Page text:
The World Pensions Council says the pandemic crisis has accelerated the mainstreaming of SDG-driven investment, with pension board members/trustees “playing an increasingly active role across all asset classes, from Sacramento to Sydney”.

Investors are the anchor of the investment chain and a recent survey of investors found that 28% of them currently have targets regarding SDG alignment. And 42% said they plan to align to the SDGs but 30% had no plans.

Q. What tools can I use to align with the SDGs?

A. A good starting point is our SDG roadmap which we presented at the World Economic Forum in 2019. We called for simplifying and standardizing definitions and measurements, and customizing investments to appeal to people's personal passions. As our Chairman Axel Weber put it: "At UBS, we believe that only by offering solutions that raise awareness and channel personal preferences for investing sustainably can the global community achieve the UN SDGs."

But also take a look at the Principles for Responsible Investment’s five-point plan for SDG investing. This also offers a starting point for thinking about investing in alignment with the SDGs. The PRI recognises, as we do, that no one set of actors will achieve the SDGs in isolation, and we think that Goal 17 (Partnership) is as important as all the others. We will not achieve any of the other goals without it. 

Q. How do the SDGs fit in with my fiduciary duty?

A. The goals go out to 2030 and that still seems a long way away. But it’s only 10 years (and getting shorter as 2020 draws to a close). But fiduciary duty is all about looking ahead over these kinds of timeframes. It’s all about investing with a new set of eyes. 

The future seems to dawn on us ever more rapidly: just think about the way the world has changed in the past decade – this pace will only accelerate in the coming decade and it is vital that we have some sort of guide. So if fulfilling your fiduciary duty means looking ahead with clarity, the SDGs need to be part of it.

Q. What is UBS doing?

A. The imperative to do this sits with us all and we are determined to do our share, not only as a company active in society but as a provider of investment solutions to clients. 

In 2019 UBS became an inaugural member of the UN Global Investors for Sustainable Development Alliance, which is committed to scaling up and accelerating efforts to align business with the SDGs. We will focus on delivering concrete long-term finance and investment solutions, including through our $5bn commitment to SDG-related impact investing, which we delivered on a full year ahead of schedule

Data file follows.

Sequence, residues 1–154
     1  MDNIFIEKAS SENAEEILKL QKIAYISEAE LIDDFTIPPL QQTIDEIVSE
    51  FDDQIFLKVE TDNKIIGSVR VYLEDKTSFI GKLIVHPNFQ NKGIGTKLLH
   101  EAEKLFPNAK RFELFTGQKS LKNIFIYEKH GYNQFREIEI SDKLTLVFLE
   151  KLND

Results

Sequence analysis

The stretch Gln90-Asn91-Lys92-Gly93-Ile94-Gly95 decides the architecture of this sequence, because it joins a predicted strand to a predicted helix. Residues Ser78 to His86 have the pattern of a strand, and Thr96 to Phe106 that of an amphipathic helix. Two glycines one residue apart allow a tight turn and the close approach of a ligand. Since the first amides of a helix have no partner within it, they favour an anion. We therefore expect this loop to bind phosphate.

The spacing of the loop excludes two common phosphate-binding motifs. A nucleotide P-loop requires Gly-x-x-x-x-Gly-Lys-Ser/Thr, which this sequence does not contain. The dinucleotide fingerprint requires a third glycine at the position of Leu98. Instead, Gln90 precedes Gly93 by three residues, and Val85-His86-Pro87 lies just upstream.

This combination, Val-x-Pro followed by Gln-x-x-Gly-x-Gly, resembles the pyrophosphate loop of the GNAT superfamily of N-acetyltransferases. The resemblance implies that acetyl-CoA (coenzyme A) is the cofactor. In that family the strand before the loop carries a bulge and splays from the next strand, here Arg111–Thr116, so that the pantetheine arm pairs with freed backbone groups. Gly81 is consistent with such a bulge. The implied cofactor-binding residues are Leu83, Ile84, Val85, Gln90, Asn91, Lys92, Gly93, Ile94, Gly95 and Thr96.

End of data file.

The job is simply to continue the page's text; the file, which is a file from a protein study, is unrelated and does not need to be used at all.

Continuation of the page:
UBS launched the first 100% sustainable multi-asset portfolio for private clients, which includes innovative SDG-related impact investments in equities and bonds. And of course there is our Climate Aware strategy.

Q. What do you mean by the term “climate smart future”?

A. We know we need to stop the uncontrolled rise in global temperatures and the capital markets are one of the most powerful ways of making that happen. When we talk about helping our clients invest for a ‘climate smart future’’, we’re talking about one where GHG emissions are kept in check and the rates of warming are slowed.  

How do we do that? By lowering a portfolio’s investment exposure to climate risk, while increasing its exposure to climate-related innovation and solutions. At the same time, we  actively engage with corporates and encourage them to transition their business models away from carbon intensive activities. We think this approach offers the right mix of pragmatism and flexibility, with the needs of the investor front and the centre.

At UBS we have been using global scenario-based approaches since 2014 to assess our exposure to physical and transition risks associated with climate change. We have an internal Portfolio Optimization Platform, whereby carbon emissions data is also made available to all equity portfolio managers, who can download carbon and carbon intensity data on over 6,000 companies.

Q. Are you optimistic about the future?

A. The world is facing huge challenges but I am optimistic that we can meet them collectively and with the correct allocation of resources and capital. We at UBS are committed to doing what we can to bring about the changes that are necessary, for the sake of the planet and the wellbeing of our clients.